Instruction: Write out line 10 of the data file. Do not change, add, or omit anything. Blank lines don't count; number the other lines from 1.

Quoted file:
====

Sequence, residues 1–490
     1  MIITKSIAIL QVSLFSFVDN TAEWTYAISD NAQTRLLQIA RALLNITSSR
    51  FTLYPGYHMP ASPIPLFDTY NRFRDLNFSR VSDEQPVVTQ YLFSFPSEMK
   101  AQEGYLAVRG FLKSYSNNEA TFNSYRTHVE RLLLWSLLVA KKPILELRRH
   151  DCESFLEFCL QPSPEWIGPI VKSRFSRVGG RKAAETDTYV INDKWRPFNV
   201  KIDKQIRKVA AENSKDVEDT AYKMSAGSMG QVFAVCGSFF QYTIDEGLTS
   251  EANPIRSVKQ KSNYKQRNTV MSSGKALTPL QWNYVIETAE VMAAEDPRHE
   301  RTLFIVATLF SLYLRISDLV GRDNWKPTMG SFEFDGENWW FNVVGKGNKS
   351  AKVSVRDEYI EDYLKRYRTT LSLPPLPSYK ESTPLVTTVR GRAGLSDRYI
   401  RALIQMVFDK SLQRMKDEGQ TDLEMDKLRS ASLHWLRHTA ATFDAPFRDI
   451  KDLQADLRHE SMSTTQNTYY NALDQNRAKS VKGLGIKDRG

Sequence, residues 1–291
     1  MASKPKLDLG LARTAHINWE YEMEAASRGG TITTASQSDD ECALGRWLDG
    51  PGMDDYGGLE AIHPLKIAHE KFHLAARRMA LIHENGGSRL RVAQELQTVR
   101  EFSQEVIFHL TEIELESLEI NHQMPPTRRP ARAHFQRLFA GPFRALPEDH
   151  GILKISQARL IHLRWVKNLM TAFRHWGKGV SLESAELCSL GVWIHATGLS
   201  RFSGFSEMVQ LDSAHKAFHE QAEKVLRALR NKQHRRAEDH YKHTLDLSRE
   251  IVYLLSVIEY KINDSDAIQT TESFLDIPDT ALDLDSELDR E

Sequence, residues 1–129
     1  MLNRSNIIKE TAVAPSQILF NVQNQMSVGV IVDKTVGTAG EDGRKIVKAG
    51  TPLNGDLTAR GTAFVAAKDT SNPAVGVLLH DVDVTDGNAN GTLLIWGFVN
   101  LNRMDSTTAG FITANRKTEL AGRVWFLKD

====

   401  RALIQMVFDK SLQRMKDEGQ TDLEMDKLRS ASLHWLRHTA ATFDAPFRDI